"The Spinning Heart" was nominated for the Mann-Booker Prize and was chosen as the Irish Book of the Year when it was first published in 2012.  Set in a small Irish town whose chief industry was a construction company which rose to dominance during Ireland's economic boom at the turn of the new century, the novel is a series of 21 vignettes, each comprising a chapter and each the story of a character, much like Anne Enright's "Green Road."

Now the recession has arrived and it is after the 2008 economic crash.  Each of the 21 characters has a tale to tell as we are privy to his or her internal monologue.  The characters know each other and are loosely connected through their previous jobs or family.  The first chapter introduces us to Bobby Mahon who was the foreman at the construction company.  We discover right away that the boss, Pokey Burke (and son of the owner) has fled the scene after he destroyed the company through his dishonest dealings which affected the lives of all his laborers who were left pensionless. Bobby Mahon was at one time the lad about town with a bright future.  His story is the thread which runs though all the other tales of dysfunctional families, alcoholism, poverty, and desperation.  Bobby is loyal to a father whom he hates but can't abandon.  "I go there everyday to see is he dead and every day he lets me down." His overbearing father has never been able to show the love that he does feel toward his family.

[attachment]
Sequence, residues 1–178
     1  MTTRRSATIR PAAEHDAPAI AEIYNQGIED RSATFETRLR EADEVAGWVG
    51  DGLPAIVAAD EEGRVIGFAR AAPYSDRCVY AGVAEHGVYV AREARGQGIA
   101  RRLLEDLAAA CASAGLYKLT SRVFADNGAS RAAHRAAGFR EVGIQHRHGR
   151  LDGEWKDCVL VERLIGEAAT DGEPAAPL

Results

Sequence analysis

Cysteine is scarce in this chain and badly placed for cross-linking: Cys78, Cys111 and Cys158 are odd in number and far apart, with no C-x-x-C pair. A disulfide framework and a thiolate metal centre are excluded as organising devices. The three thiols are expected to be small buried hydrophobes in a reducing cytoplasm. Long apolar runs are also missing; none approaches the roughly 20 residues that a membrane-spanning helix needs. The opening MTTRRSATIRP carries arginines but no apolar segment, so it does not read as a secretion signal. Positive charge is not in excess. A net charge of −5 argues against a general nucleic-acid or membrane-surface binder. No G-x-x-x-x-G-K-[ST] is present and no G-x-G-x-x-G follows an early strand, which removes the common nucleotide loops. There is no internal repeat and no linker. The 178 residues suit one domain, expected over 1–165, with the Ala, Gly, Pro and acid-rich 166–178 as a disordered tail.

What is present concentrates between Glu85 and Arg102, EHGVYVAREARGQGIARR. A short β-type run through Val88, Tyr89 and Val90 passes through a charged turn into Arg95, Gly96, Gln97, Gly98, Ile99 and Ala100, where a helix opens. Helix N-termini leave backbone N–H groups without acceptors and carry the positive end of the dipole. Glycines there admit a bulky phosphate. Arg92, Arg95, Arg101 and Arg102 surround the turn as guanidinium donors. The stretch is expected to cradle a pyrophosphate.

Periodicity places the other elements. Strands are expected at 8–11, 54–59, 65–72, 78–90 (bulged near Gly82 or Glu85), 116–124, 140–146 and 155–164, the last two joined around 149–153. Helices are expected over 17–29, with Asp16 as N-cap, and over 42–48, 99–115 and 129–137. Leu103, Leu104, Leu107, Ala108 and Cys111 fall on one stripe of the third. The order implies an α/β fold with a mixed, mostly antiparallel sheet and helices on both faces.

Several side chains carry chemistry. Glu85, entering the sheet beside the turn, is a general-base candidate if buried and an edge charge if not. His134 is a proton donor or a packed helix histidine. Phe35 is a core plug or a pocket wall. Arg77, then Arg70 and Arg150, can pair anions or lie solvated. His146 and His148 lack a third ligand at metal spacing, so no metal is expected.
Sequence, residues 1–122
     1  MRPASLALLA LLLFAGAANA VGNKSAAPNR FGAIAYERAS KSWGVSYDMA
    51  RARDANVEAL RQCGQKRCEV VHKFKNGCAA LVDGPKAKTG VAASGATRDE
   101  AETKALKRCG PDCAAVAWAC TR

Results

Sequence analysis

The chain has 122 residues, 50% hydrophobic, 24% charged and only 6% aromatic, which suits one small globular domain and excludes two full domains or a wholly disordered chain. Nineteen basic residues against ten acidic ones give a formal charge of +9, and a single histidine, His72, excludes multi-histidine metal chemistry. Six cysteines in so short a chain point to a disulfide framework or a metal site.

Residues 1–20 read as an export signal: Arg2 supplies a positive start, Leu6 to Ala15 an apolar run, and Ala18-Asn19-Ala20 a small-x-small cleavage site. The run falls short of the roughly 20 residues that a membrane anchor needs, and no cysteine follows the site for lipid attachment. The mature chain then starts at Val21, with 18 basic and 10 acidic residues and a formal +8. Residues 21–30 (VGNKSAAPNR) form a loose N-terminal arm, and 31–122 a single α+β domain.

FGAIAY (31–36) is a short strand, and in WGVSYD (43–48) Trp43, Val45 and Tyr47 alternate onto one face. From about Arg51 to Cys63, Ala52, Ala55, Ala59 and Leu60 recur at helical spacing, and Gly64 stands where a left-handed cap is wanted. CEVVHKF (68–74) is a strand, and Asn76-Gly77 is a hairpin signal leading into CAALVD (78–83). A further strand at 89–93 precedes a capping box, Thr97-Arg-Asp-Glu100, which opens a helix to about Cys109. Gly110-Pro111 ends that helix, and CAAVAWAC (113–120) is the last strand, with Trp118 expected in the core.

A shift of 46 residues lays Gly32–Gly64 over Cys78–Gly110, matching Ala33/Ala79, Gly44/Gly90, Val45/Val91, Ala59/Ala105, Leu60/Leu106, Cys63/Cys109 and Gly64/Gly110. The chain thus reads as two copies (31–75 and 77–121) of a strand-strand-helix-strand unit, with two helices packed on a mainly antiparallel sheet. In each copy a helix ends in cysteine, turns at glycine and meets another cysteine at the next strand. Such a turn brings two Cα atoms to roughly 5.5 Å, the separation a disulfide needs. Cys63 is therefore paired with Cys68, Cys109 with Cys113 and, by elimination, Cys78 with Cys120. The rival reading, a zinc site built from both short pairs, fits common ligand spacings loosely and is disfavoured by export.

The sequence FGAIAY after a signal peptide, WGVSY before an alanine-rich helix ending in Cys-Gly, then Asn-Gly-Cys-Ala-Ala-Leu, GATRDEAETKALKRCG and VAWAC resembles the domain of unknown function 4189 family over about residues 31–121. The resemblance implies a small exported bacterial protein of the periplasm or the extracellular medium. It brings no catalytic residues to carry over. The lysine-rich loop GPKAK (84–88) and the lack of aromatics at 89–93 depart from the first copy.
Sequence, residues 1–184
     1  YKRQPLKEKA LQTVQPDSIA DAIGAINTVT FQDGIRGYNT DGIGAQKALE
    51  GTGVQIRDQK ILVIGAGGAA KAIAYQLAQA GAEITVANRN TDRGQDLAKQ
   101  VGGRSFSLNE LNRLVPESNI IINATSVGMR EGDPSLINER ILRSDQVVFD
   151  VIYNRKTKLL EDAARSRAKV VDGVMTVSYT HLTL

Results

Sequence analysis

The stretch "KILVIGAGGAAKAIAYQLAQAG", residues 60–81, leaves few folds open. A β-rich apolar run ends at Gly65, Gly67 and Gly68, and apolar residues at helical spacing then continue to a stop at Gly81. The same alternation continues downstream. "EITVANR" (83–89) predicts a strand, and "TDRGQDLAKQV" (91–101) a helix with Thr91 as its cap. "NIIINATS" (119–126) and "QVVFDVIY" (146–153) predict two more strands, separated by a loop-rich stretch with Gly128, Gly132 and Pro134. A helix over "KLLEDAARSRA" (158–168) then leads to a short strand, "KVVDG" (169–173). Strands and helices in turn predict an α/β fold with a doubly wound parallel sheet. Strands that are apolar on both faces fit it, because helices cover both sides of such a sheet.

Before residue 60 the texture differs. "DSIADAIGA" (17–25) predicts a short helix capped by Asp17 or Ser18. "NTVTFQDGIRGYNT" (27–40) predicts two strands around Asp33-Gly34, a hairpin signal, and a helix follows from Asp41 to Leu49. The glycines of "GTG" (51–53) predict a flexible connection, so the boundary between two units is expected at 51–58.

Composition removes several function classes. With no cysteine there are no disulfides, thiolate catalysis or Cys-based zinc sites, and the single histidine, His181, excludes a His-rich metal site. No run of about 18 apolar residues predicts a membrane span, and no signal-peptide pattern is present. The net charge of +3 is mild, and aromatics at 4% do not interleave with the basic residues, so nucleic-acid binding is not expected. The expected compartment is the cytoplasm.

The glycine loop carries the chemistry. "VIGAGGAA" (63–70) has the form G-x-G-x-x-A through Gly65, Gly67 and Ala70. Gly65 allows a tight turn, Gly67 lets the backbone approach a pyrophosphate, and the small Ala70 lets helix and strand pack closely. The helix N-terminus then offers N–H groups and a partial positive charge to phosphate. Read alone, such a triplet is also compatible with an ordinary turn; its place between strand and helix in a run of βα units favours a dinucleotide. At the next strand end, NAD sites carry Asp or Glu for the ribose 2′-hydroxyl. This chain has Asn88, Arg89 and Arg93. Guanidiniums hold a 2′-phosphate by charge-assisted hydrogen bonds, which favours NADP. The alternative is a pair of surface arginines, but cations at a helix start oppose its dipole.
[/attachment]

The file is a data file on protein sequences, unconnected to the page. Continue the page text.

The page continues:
Looming over all at the edge of town is a new building estate, half-finished, abandoned and a sad reminder that at one time prosperity was around the corner.  It is reminiscent of others all over Ireland at the time.  One showed up in the Tana French book, "Broken Harbour."  In one of the few occupied houses, lives Realtin, a single mother who is desperate to make ends meet.  She and Bobby are thrown together by chance and a tragedy grows out of their innocent relationship.

Ryan writes of real people, not only the working class, but also teachers and lawyers who have lost their living because of the depression.  The voice of the characters is rich in West Ireland speech patterns and dialogue. The story is a reminder of the way life can change on a dime and the vagaries of fate.

Thursday, May 18, 2017

THE REEF by Edith Wharton (fiction)

Sometimes it is a pleasant journey to return to an old classic and a bygone era.  Just so with this novel by Edith Wharton, written in 1912, that respite year, just before the great World War broke out. Woodrow Wilson had just been elected President, Charlie Chaplin had made his first film, and it was the year of the sinking of the Titanic. I had not read this book before, though I have read and enjoyed many of Wharton's other novels.  This book is not as well known as her other classics.  When Wharton wrote this book, her marriage was all but finished.  She was at loose ends and had just begun an affair with Morton Fullerton.  Women were enjoying more freedom and were traveling alone, taking jobs, freeing themselves from corsets, and expressing their independence.